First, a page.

Corder: TE-AC hype boiling over this week

Published 12:00 am Tuesday, September 9, 2003

Say what? You want a prediction on the Miss-Lou Melee between ACCS and Trinity Episcopal Saturday?

I’ll take a get-out-of-jail-free card on that one. I’d much rather turn my organs over to science while breathing than be sliced open by Saint or Rebel die-hards and have them remove them for me.

Former Trinity head coach Jack Benson on the other hand is old school. We’re talking Bear Bryant-take-a-sip-of-that-water-and-cry-home-to-mama old school.

Email newsletter signup

After coaching in most of these AC-Trinity melodramas, usually opposite Bobby Marks, he’s happy to Jimmy &uot;The Greek&uot; it.

&uot;Trinity is going to come out on top,&uot; said Benson, whose last loss to AC was a 26-14 defeat at the WCCA Jamboree in 1995. &uot;Trinity has some fine athletes, but AC has been improving and it should be competitive.&uot;

Marks remembers fondly the years bonfires lit the southwest Mississippi night throughout the week leading up to the furnace on the field; the times dummies of AC and Trinity’s top players hanged from goalposts on the reciprocal school’s campus.

&uot;Nobody ever ended up getting hurt, but it got raunchy at times,&uot; Marks said. &uot;You always thought people were going to kill somebody, but it was always very friendly. We used to be fired up. I look forward to a sellout crowd. I hope it’ll be a sportinglike game.&uot;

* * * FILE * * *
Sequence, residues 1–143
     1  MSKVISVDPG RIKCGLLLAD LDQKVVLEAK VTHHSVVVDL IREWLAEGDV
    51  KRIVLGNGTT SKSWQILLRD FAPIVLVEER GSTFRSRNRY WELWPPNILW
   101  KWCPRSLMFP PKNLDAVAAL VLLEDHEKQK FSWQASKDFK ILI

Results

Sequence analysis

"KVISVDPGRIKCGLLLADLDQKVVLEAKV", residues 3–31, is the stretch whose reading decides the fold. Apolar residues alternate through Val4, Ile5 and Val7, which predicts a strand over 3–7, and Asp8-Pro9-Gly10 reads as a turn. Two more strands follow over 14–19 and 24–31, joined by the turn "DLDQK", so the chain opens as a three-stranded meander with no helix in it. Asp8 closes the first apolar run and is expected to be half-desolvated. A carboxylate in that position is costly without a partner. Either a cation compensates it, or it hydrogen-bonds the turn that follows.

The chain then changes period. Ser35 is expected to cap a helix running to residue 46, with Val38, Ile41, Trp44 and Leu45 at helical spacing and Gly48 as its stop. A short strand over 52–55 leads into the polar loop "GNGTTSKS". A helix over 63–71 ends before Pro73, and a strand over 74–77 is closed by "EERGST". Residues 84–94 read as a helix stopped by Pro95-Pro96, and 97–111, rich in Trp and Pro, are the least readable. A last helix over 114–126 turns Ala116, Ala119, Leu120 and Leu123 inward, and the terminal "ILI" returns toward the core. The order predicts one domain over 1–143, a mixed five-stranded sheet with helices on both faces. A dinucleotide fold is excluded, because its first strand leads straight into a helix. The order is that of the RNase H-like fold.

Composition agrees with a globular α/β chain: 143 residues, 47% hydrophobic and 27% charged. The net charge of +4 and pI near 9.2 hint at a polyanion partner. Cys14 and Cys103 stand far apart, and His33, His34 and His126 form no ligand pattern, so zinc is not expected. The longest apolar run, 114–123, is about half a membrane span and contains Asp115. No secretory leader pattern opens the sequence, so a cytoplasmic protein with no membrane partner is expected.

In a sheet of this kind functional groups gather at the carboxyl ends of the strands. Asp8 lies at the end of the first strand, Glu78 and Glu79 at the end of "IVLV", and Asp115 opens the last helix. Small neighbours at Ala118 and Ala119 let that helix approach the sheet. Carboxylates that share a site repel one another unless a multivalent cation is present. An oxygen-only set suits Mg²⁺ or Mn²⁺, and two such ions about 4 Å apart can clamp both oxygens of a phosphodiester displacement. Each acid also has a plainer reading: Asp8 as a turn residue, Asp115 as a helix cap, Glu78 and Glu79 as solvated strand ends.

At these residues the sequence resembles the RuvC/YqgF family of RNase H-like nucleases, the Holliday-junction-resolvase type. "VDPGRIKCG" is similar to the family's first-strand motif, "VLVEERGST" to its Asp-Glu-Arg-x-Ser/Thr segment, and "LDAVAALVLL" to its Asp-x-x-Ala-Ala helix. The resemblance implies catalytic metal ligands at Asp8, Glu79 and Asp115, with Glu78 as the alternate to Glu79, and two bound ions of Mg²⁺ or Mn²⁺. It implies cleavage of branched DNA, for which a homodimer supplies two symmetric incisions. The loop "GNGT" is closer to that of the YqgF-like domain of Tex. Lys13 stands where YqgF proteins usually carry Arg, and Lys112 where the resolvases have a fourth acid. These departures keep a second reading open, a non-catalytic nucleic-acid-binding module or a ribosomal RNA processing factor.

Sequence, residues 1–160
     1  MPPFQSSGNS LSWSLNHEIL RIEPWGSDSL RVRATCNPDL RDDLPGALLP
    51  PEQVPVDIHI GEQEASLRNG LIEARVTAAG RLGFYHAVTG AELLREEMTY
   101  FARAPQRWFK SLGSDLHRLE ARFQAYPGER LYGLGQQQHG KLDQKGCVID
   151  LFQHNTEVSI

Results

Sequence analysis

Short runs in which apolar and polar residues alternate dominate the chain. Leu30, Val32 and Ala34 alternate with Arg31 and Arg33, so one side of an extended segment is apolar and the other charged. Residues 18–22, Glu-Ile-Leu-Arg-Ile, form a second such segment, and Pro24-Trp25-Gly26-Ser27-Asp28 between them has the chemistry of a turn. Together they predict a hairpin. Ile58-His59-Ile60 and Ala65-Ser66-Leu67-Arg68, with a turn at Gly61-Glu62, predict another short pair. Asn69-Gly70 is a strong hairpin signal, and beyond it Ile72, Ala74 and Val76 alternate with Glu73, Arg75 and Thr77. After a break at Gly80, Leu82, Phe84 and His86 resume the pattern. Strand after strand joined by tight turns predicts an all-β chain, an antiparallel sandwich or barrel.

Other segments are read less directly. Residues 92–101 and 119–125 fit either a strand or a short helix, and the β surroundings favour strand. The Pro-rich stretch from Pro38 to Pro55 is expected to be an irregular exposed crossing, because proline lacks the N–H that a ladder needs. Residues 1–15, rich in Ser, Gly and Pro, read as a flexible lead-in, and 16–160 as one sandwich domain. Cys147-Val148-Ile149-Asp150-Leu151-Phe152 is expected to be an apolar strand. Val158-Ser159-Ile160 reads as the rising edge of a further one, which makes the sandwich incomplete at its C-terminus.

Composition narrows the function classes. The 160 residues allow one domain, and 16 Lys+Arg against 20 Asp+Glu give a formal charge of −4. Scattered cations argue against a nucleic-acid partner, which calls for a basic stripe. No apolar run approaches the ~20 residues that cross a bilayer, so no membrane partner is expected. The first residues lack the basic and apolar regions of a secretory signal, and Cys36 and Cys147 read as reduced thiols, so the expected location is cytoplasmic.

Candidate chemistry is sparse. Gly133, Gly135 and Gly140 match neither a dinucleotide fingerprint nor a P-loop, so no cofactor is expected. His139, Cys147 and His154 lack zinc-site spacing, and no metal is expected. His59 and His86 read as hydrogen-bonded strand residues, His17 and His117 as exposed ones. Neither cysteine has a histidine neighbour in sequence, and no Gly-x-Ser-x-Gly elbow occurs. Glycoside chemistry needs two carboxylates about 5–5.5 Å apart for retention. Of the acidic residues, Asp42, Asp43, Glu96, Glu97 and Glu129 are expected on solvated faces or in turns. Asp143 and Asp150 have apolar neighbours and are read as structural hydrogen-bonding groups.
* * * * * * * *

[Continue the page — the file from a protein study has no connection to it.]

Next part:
Marks’ voice hinted at anxiety he feels toward Saturday’s game. The last time Marks was a part of a Rebels-Saint clash was in 1991, when his AC team pounded the Saints 27-0 in an actual opener for both squads.

His favorite memory of the series dates back to the mid-1970s as head coach of AC’s predecessor Thomas Jefferson. On the eve of the TE-TJ hype boiling over, TJ hosted a junior varsity jamboree, which Saint varsity players came over to taunt TJ players, particularly running back Allen Mardis.

&uot;Y’all might beat us tomorrow night, but you’re not going to do anything against us,&uot; Saint players told Mardis.

Thomas Jefferson proceeded to run for a school record 550 yards, more than 300 of which the 150-pound Mardis amassed in a 40-2 drubbing of Trinity.

&uot;We weren’t trying to run up the score,&uot; Marks said. &uot;They threw a couple of interceptions.&uot;

Since at least 1993 Trinity has lost six consecutive contests until the rivalry was laid to rest in 1998. The last four current Huntington assistant coach Bo Swilley coached the Rebels.

The closest little brother ever got to defeating big brother was the 1998 season, in which first-year head coach David King led his Saints to a 0-0 tie at the AC Jamboree. King blamed Trinity’s subsequent 18-0 loss to Chamberlain-Hunt, in the same jamboree, on the fire he stoked in his players for the AC game.

&uot;There’s a lot of pressure on you as a coach to win,&uot; said Swilley, who was 3-0-1 as one-half of the rivalry. &uot;Even if there was a tie, your folks looked at you like you had lost the ball game. It’s for bragging rights for the rest of the school year. It ought to be a good game with two really good football teams.&uot;

Chuck Corder

is a sports writer for The Natchez Democrat. You can reach him at (601) 445-3633 or by e-mail at